City Council establishes annual Unity Days to commemorate events of Aug. 11 and 12

The project aims to promote unity while memorializing the violent ‘Unite the Right’ rally

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As part of this new tradition, the month of August 2019 will focus on remembering those fatally affected by the rally, then initiating a call for action opportunity for engagement.

Riley Walsh | Cavalier Daily

Charlottesville City Council met Monday evening and passed a resolution that designates the recognition of Unity Days — an annual community event to be held in remembrance of the deadly Aug. 11 and 12 ‘Unite the Right’ rally, in which members of white supremacist groups marched on the Lawn and downtown Charlottesville. 

The resolution to establish Unity Days carried unanimously. The Council had created an ad-hoc committee with the goal of establishing appropriate recognition of the City’s past.

Unity Days are to be held every second weekend of August. In the event that Aug. 12 does not fall on the designated second weekend of the month, that day — even as a weekday — will still be observed. For example, since Aug. 12 falls on a Monday in 2019, it will be recognized individually, in addition to the weekend events. The City will schedule public events in venues such as the Downtown Mall, McGuffey Street Park, Market Street Park, Court Square Park and Fourth Street. The specifics of events will be determined based on community input.

The City’s Director of Communications Brian Wheeler spoke to Council members as a member of the ad-hoc committee tasked with planning the new tradition. Wheeler said feedback from the community is central to the project, describing it as “city-sponsored but community-driven.”

“We started by inviting 30 community members to focus groups to start talking about this key goal of transitioning from first-anniversary planning — which emphasized public safety — to a community-driven annual event that educates, inspires and honors people in our community to create movement towards healing and unity on a path for economic and racial justice,” Wheeler said.

To initiate the tradition, the entire summer of 2019 will feature events along the theme Summer of Unity, with each month building upon the theme with involvement from community members. The month of May examines the history of racial injustice, June involves discussions breaking down institutions that perpetuate oppression and July honors community leaders who have made a commitment to effecting change. The month of August will focus on remembering those fatally affected by the rally, then initiating a call for action opportunity for engagement.

Charlene Green, manager of Charlottesville’s Human Rights Commission and member of the ad-hoc committee, spoke to council members about the focus group’s vision for the Summer of Unity initiative and how it shapes reflection on the community’s past.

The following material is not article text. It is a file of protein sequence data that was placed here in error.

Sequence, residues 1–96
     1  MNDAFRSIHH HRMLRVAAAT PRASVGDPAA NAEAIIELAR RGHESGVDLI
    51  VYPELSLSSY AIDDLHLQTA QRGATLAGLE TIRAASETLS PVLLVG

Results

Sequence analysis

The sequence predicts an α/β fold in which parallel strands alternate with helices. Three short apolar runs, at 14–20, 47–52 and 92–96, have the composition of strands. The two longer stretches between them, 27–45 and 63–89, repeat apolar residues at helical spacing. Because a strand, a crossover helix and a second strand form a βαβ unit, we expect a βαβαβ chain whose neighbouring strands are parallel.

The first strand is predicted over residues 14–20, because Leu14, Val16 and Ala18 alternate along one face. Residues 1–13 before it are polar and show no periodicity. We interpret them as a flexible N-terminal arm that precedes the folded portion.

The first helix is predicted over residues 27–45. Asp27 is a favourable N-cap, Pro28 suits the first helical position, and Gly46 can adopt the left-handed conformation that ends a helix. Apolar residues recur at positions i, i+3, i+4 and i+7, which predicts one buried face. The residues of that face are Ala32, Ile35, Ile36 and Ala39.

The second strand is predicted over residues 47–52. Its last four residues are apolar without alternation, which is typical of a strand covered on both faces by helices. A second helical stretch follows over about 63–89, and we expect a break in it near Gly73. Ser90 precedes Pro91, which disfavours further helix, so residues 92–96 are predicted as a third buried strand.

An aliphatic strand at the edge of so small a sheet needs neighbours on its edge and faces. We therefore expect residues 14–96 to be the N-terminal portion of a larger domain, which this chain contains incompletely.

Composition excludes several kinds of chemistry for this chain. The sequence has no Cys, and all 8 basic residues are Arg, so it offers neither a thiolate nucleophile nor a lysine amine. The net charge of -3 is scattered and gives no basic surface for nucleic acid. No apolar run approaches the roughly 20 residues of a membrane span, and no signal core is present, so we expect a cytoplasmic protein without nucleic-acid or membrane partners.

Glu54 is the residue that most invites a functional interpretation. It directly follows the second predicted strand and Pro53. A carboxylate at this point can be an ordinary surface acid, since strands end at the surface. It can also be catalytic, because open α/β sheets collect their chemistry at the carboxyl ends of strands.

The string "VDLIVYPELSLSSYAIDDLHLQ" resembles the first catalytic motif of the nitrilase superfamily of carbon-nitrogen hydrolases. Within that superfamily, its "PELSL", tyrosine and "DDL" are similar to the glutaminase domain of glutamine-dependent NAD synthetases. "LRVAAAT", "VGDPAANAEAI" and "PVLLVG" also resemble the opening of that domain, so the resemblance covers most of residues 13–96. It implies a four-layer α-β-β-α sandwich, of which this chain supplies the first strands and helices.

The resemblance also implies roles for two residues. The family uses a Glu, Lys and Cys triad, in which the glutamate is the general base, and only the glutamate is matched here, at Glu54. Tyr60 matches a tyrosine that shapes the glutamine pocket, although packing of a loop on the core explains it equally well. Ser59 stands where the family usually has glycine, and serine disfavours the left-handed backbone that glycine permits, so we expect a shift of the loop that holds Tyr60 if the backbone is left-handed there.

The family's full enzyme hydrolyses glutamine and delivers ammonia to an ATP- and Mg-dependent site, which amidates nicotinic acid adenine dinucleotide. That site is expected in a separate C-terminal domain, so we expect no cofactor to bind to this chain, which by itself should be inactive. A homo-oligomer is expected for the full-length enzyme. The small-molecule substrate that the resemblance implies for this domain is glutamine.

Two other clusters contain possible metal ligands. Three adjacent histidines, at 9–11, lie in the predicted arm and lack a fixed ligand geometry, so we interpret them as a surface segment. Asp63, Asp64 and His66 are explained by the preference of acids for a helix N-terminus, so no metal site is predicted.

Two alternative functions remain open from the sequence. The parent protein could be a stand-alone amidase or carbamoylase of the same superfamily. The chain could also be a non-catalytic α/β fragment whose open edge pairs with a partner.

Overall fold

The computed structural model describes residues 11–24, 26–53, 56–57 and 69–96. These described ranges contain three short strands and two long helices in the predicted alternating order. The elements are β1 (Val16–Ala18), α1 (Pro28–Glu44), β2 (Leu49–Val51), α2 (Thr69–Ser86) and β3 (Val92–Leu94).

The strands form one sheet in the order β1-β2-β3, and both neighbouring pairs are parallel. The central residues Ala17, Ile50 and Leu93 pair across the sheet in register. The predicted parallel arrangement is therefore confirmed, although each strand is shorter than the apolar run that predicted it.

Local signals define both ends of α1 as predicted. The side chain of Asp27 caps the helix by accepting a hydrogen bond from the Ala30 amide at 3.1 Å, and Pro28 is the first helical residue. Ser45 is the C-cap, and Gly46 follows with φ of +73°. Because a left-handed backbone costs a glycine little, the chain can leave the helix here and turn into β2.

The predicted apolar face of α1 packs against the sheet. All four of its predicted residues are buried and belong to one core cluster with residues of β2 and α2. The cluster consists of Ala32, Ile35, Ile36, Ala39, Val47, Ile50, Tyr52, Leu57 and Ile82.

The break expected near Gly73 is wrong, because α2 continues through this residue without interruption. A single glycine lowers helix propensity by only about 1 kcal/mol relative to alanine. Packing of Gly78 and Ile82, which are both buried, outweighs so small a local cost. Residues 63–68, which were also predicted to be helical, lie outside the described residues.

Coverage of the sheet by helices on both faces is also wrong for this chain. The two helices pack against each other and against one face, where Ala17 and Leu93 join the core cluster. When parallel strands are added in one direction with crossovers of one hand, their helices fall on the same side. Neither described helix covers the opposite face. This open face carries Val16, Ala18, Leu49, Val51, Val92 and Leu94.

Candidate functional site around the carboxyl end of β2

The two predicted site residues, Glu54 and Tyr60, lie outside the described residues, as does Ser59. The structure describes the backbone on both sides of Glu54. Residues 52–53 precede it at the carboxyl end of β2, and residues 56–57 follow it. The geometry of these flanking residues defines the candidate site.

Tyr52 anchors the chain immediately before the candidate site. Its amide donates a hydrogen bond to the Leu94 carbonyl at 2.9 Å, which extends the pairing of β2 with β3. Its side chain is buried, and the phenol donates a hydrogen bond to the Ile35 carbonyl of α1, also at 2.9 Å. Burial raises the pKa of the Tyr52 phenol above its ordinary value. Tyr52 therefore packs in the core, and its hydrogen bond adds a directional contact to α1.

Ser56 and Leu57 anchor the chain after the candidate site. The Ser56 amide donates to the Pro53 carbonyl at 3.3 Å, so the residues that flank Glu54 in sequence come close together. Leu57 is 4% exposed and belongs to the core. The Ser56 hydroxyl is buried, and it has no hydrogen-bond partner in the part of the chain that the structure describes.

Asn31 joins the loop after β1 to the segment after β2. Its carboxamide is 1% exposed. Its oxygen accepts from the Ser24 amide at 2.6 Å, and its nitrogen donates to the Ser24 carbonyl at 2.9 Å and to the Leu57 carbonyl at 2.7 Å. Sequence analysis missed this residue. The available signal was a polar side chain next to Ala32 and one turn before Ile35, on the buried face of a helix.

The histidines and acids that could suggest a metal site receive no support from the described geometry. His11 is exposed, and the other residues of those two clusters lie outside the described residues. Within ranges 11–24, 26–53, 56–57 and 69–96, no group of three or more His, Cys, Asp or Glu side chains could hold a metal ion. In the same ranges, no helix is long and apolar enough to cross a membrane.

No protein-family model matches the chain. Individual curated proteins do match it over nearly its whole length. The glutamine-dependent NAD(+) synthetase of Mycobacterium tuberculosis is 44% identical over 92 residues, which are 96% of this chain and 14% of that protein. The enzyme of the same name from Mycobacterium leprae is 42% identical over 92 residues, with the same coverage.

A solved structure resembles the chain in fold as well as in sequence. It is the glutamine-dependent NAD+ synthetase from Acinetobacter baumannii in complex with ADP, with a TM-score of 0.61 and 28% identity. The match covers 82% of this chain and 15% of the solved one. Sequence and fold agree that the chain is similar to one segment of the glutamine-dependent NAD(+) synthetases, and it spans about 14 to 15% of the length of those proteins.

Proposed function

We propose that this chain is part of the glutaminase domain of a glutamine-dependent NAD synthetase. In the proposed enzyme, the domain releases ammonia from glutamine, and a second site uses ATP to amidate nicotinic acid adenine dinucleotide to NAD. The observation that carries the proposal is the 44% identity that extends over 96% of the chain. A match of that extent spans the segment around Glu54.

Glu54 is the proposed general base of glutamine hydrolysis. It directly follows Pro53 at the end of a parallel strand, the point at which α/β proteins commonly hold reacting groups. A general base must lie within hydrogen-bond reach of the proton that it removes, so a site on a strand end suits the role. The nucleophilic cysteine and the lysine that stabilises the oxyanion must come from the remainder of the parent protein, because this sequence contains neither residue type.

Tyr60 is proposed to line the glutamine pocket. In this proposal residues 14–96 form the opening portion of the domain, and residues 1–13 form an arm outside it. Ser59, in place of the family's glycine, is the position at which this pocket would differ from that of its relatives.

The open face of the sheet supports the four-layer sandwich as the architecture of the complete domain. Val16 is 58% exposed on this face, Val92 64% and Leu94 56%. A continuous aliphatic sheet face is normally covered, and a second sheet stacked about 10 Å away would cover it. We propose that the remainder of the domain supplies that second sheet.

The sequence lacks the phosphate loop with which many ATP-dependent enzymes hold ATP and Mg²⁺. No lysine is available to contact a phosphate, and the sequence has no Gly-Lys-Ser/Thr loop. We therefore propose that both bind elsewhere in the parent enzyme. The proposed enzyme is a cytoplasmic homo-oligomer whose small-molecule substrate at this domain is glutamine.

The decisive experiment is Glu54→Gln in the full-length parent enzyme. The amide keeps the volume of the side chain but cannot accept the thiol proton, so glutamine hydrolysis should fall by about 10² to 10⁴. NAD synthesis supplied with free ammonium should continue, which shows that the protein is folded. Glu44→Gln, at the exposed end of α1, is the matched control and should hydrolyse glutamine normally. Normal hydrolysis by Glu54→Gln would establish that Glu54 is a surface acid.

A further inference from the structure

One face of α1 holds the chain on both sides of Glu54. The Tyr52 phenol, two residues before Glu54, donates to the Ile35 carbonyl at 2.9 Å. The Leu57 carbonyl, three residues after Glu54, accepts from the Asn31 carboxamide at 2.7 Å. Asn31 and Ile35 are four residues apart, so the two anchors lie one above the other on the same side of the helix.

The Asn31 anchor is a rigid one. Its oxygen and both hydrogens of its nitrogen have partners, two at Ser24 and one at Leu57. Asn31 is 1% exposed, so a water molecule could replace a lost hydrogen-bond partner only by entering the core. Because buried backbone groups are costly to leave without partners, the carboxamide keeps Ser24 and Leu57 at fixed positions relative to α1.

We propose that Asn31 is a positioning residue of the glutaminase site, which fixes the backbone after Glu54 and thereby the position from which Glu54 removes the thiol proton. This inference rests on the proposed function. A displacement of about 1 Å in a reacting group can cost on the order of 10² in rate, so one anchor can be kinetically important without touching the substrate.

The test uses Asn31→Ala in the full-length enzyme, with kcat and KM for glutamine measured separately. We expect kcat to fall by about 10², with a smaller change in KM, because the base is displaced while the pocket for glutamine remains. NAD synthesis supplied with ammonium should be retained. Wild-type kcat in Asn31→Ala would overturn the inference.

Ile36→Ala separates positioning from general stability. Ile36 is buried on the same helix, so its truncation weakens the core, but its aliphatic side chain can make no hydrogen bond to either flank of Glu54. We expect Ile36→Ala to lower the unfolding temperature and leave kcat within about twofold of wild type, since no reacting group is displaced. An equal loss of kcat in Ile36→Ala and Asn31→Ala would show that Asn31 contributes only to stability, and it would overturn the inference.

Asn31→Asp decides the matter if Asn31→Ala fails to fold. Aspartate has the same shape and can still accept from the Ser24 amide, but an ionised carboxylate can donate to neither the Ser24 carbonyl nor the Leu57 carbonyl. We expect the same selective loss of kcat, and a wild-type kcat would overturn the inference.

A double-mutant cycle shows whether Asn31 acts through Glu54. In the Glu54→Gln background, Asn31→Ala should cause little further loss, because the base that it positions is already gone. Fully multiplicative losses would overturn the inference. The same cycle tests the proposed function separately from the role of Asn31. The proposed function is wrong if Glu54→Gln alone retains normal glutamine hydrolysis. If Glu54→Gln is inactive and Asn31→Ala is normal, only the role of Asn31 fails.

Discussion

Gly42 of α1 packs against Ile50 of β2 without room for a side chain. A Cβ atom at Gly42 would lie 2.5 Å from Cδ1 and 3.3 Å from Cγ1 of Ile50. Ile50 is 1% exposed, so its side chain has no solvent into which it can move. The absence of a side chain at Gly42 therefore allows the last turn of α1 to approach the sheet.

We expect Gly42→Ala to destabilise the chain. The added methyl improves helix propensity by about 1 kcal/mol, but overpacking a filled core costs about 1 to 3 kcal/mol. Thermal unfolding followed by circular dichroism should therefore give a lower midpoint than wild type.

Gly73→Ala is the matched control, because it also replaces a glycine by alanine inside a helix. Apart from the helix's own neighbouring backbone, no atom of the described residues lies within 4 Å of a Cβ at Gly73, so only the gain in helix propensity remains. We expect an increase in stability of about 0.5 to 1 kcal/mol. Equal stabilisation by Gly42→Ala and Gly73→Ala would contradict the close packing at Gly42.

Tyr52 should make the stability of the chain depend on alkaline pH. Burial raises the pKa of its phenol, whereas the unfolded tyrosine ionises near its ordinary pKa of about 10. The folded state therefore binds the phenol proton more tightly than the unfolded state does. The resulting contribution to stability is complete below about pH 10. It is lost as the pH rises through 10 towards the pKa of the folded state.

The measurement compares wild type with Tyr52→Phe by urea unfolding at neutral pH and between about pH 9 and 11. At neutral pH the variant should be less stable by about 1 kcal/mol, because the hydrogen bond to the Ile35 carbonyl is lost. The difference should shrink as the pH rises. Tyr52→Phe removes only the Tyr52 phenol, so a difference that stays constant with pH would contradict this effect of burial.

“We need to regain that narrative back, in making sure that Charlottesville is not just about white supremacy, not just about Thomas Jefferson or the University of Virginia,” Green said. “This history and all that the city is about is very robust and very inclusive, and we do our best to engage the community in any way possible.”

According to the City Council agenda, the movement for an anniversary event garnered unanimous support. The City consulted representatives from the University in planning the event, as well as local faith leaders, activists and business owners. The City also met with families of individuals harmed by the rally, including Susan Bro — the mother of Heather Heyer, the 32-year-old woman killed by the car that was intentionally driven into a crowd peaceful counter-protestors on the Downtown Mall.

The agenda describes Unity Days as “a new course for how our community marks this anniversary.” Last August on the one-year anniversary of the events, hundreds of demonstrators anti-fascist activists gathered at a memorial to Heyer and marched on the Downtown Mall, at a rally against white supremacy organized by U.Va. Students United.   

As noted by Wheeler, the City prioritized public safety — rather than specific community events such as Unity Days — in anticipation of the first anniversary, out of uncertainty about violence returning to Charlottesville.  Law enforcement members were present at the rally, and multiple Charlottesville community members expressed concerns about their handling of the situation. 

At the rally, police officers stood in line formation with shields. Bellamy mediated the situation between law enforcement and demonstrators. Bellamy said he wanted the officers to understand why they might appear threatening to the demonstrators given their line formation and possession of shields. After he spoke with a lieutenant on the scene, Bellamy said the law enforcement personnel lowered their shields and tensions de-escalated.

During the rally, a Virginia State Police officer had “declared” unlawful assembly but was not ever officially declared an unlawful assembly by the unified command center — which includes officials from the University, City of Charlottesville, Albemarle County, Virginia State Police and the Virginia Department of Emergency Management. 

The City spent an unplanned $900,000 on the one-year anniversary, having enlisted heightened security and police presence. The Council has already approved the allocation of $1 million towards costs of the one-year anniversary and any potential unexpected costs of the 2019 anniversary. The budget for Unity Days has not yet been established.

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